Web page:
Good Tree Bad Tree

I must confess something to you.  I have been known on occasion to brag up my green thumb, yes, its shocking but true.  Most of the time I can back that statement up but not now…

Now at this very moment a reddish-brown shriveled husk of a tree sits in my front yard, a testimony to my ignorance and arrogance. I know enough about trees to know better.  It is a foolhardy and risky endeavor to plant a tree where one once stood, especially an old sick one. I am guilty of such an offense.

It all started innocently enough.  I was at one of my favorite nurseries. I was wandering around like I do when I spied a beautiful tree, it was smallish and covered with tiny white flowers.  It was a dwarf Yoshino Ornamental Cherry tree and it had a twin!  I get excited by stuff such as that.  I almost let out a squeal and start to jump up and down but I contained myself long enough to purchase the trees and arrange for their delivery.

Now I had to figure out where to plant them.  I have a habit of falling in love at the nursery and bringing home plants I have no room for.  So far it has all worked out, I’ve always found a home for them, but trees are special.  You can’t just stick them anywhere and expect them to thrive.  But that’s what I did. Right where an old sick one once stood about a year ago.

I guess I thought the tree and I where above such practical nonsense as compaction and nutrient depletion and for a while it seemed that we were.

I was so proud of the trees, they were the first in the neighborhood to bloom.  People would stop and gaze appreciatively at them as the passed by.  I too, would gaze appreciatively  at them and that is what I was doing when I noticed the first brownish leaf.  It was just one.  I didn’t worry.  Then more brown leaves started to appear. I scoured gardening books like I do and found the answer.  It was a harmless fungus and it would be O.K. in time.  We’d had an unusually wet spring so that made sense to me.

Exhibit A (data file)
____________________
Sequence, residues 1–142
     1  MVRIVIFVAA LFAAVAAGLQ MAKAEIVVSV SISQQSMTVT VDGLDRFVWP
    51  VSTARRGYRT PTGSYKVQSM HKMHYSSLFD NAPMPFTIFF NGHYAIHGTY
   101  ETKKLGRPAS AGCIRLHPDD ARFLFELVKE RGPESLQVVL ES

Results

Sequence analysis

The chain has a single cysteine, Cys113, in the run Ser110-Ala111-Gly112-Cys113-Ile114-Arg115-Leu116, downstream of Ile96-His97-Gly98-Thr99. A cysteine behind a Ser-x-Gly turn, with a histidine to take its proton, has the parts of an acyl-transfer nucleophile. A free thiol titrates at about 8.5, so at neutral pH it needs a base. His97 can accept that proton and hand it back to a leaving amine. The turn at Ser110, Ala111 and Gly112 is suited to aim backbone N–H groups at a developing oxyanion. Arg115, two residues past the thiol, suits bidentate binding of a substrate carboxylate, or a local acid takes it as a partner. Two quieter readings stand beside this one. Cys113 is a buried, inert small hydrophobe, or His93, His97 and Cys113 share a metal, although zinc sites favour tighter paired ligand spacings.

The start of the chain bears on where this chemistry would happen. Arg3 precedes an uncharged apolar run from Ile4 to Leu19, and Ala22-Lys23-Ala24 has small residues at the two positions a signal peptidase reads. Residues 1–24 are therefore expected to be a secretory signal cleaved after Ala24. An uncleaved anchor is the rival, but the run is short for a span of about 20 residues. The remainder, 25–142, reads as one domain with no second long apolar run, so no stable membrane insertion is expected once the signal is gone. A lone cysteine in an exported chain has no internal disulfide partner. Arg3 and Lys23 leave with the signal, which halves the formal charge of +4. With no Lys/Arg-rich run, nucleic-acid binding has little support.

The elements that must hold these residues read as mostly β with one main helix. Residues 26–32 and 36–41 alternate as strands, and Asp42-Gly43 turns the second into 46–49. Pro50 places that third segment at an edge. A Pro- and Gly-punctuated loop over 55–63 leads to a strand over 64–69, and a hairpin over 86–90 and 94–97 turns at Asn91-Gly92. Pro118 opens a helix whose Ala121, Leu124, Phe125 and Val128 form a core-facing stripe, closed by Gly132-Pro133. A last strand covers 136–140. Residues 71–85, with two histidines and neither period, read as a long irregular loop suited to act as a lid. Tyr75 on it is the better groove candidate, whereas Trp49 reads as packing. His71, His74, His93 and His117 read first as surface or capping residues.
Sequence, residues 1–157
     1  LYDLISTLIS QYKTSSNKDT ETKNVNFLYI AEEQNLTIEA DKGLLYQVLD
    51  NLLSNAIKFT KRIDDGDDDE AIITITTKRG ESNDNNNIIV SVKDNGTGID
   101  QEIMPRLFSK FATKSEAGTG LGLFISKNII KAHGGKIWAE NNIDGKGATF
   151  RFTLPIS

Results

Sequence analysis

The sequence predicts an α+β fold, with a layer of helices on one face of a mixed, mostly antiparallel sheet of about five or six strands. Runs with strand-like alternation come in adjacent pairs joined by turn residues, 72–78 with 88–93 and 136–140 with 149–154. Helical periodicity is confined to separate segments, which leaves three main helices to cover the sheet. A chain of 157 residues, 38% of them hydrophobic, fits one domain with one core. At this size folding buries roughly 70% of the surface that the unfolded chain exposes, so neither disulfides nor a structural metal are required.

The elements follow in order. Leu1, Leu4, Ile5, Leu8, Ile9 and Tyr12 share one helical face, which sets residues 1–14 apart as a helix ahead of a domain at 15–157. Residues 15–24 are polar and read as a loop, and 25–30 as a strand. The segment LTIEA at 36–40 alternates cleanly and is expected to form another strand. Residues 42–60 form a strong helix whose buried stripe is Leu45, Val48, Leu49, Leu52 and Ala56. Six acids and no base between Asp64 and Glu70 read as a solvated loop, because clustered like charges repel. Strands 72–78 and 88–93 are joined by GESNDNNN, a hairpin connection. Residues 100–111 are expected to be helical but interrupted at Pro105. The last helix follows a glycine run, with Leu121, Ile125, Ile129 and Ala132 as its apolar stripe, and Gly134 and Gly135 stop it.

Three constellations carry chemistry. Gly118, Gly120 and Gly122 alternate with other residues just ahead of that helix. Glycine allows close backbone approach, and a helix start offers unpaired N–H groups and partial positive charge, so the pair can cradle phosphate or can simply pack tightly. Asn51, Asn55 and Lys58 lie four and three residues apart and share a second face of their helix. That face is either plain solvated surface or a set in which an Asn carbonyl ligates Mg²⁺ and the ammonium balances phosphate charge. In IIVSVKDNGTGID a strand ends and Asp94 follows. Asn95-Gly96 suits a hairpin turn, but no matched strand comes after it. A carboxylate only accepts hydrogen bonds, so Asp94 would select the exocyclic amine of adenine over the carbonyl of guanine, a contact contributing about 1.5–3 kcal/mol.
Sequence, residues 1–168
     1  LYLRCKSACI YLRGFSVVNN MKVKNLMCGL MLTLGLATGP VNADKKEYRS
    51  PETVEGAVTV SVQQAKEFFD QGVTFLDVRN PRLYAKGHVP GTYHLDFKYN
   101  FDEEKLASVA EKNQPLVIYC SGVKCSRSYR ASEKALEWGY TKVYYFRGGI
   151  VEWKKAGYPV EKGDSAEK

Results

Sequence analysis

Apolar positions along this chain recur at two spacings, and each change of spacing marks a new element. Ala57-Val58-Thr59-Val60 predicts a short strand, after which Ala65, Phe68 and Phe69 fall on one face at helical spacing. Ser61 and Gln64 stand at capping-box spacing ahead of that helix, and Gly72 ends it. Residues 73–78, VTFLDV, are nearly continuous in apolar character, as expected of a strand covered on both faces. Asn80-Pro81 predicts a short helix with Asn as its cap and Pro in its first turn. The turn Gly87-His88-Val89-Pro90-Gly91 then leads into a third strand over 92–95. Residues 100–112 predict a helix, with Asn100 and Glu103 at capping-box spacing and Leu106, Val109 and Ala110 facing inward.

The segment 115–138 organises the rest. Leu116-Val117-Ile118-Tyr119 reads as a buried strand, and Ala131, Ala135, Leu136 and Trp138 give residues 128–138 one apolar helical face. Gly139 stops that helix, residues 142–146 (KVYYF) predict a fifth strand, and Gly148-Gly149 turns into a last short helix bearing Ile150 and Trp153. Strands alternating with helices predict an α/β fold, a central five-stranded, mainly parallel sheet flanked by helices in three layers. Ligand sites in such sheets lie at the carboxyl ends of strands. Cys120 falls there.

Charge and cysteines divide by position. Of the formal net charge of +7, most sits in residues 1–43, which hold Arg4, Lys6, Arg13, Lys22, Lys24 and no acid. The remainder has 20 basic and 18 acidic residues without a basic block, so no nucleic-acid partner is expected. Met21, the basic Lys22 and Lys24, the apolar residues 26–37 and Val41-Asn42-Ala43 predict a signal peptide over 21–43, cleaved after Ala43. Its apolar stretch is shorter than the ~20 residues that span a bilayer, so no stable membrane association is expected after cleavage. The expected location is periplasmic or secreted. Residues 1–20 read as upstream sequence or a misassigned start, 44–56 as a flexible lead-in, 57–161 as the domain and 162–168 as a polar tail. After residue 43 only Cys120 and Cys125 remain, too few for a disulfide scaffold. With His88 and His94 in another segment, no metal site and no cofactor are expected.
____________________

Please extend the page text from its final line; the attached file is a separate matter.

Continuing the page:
The other healthier tree grew and produced green glossy leaves, While its ugly twin stood there looking sick and depressed.  I tried to fed it, I tried some old gardening tricks, to no avail.  In the back of my mind, I knew what was wrong, I hoped that everything would turn around.

Now I would avoid the tree like the plague, I couldn’t stand the sight of it.  The sight of my failure, for all to see.  Where once the tree invoked pleasure in the people walking by.  Now people shook their heads and made faces of disgust as they walked by.

Does having a dying tree in my yard make me a bad person?   I know people want to ask what I did to the poor thing?  I feel so embarrassed.  I”ve almost cut it down several times, it small enough for me to do by myself.  Something in me won’t let me do it.  Maybe I’m holding out hope for the underdog, which I have a habit of doing.

I just can’t give up on this poor wretched tree.  So I’m babying it and watering it and even talking to it.  It is probably a lost cause but I’m crossing my fingers and hoping for the best.  Please, wish us luck…

Strawberryindigo.

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2 thoughts on “Good Tree Bad Tree

  1. I love this.
    A couple weeks ago, my neighbors (elderly couple) told me that they were going to get rid of their tree in their front yard. I was heartbroken b/c it’s a beautiful tree. They said it was dead. I said it didn’t look dead. It’s still beautiful, even if it’s dead. I told them I wish they’d keep it up.

    Did you ask a nursery about how to help your tree?

    Like

    • The soil underneath the tree is compacted and nutrient poor, I am working on changing that. The tree needs to recover. It is still strongly rooted which is essential. I am trying to work some magic on it. By next spring, hopefully it will recover. Thanks for your concern. Trees need all the concern they can get. PS. The city is giving me a street tree for free! Long live trees!

      Like

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